If you want to hear passionate music played by dedicated musicians that have been reworked and reworked again and again into perfection (some of the tracks go back as far as 95), the final results are proof that this will be one of my absolute faves of 09 and possibly one of the greatest melodic doom metal albums of our time.
For this album, thirteen musicians weren’t just handed a single song and asked to artfully adorn it with electronics, they were handed as much source material from The Melvins’ songbook as they wanted and asked to get as creative as they wanted in creating something new from their source material selections; essentially being asked to create a series of sound collages from any and as much Melvins material as they liked.
Brooklyn, NY’s Merauder bring forth God Is I, a hardcore album that is not too extravagant or chaotic. With strong musicianship and relevant lyrics, the band still manages to produce something solid.
All of a sudden Slayer’s new album trades the metal in their thrash for a heavy dose of hardcore, the infusion of which makes Slayer sound exactly like Black Flag did around 1985.
Prior To The Fire sounds much more like Priestess does in a live setting, with songs like the sprawling “The Gem” showing them unafraid to stretch past the seven-minute mark while still retaining a strong pop hook in its chorus.
For Kunsten Maa Vi Evig Vike is very much a product of its time, but it is a product that is not discoloured by the bitter taste of symphonic black metal’s subsequent indulgences. What Kvist brings to the table is quite simple: balance.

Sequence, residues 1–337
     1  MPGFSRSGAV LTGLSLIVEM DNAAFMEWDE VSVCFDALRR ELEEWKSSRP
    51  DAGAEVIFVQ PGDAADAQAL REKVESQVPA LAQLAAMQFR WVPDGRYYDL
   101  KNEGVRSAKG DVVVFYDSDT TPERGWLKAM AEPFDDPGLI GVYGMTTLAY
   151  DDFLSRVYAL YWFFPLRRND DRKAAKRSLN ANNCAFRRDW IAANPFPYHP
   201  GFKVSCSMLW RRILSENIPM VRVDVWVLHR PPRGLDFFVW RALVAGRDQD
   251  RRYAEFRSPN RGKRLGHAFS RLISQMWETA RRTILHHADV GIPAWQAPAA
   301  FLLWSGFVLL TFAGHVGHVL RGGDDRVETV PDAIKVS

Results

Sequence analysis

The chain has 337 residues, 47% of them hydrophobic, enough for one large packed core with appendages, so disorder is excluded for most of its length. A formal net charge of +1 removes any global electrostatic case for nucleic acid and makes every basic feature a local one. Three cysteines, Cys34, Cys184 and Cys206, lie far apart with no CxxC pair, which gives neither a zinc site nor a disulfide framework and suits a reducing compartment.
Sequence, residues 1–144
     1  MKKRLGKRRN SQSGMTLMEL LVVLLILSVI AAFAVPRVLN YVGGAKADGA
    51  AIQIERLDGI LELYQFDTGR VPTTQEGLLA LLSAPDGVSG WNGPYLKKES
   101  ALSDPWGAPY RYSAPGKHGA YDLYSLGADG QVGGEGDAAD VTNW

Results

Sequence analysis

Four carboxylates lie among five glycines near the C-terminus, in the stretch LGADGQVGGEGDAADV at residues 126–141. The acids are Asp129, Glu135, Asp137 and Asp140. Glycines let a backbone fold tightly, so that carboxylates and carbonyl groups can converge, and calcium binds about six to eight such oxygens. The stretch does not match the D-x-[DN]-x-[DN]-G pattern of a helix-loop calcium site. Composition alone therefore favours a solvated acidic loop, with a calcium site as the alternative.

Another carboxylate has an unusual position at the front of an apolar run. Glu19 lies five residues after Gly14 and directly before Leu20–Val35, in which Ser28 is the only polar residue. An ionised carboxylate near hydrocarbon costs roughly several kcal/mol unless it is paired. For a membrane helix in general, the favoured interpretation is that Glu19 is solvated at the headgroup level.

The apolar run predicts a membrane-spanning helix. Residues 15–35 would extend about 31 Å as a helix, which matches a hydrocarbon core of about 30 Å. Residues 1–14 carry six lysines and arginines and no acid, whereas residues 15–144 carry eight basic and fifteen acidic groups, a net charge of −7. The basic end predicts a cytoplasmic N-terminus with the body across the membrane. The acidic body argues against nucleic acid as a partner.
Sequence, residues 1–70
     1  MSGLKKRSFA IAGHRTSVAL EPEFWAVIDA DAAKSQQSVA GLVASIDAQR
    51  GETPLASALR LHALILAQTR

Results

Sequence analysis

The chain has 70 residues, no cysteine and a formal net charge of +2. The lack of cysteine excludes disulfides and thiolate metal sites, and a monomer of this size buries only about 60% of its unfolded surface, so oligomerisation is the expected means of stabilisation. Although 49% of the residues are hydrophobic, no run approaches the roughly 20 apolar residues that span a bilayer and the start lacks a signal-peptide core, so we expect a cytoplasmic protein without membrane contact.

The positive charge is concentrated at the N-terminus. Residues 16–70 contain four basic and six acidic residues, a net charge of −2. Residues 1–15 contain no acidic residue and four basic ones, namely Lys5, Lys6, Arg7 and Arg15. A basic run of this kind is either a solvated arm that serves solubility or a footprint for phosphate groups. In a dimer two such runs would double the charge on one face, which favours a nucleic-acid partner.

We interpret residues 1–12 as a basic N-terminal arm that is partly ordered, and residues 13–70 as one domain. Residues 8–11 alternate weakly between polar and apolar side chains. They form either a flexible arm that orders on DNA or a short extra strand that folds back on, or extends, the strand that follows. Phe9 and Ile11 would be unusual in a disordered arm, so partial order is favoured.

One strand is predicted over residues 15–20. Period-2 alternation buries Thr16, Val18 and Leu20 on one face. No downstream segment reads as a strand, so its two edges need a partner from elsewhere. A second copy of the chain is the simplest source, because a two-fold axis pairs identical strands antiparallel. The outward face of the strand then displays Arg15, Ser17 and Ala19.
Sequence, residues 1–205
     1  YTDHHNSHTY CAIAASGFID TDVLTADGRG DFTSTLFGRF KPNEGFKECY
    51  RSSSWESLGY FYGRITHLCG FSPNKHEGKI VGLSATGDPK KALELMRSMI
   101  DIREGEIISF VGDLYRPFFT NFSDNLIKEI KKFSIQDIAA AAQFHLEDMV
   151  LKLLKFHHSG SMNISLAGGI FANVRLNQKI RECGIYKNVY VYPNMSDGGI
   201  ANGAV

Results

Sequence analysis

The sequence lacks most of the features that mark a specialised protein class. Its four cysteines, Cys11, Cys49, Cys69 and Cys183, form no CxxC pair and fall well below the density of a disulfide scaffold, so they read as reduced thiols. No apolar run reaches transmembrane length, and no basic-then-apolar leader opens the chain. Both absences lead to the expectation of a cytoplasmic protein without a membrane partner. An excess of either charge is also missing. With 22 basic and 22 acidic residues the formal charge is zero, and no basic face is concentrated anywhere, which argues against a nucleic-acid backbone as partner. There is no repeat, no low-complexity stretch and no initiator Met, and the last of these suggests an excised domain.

Overall, this banshee-stabbing outfit are the Satanic missing link between John Zorn’s Painkiller and Portal, only with 137% more virgin violation to their theoretical credit. And hey, if you’re not feeling particularly like cuddling with hell’s servants, this can effectively be used to clear out any lingering party guests and family members who won’t take the hint to get out, especially come Christmas time.
Originally released in 1989 by a Mexican based label called Avenzada Metalica, this eight-song effort is an absolute face-ripper that will appeal greatly to fans of Dark Angel, Kreator and especially late 80s Razor. The songs are well written, the riffs are lightning fast and they possessed a vocalist in singer Pat Lind that could have easily subbed in for Mille in Kreator if the need ever would have arisen.
That lighter spirit is what makes Skeletons In The Closet worth listening to because they make the spirit in the rest most obvious; it’s all for fun. These seventeen covers showcase every side of the band, but the most recurring of the lot is that the band is obviously having fun as they pay tribute to the bands they respect, but treat the outrageous steps out with equally good humour
Porcupine Tree’s tenth studio album, The Incident once again has proven to be another powerful performance by this veteran UK based quartet.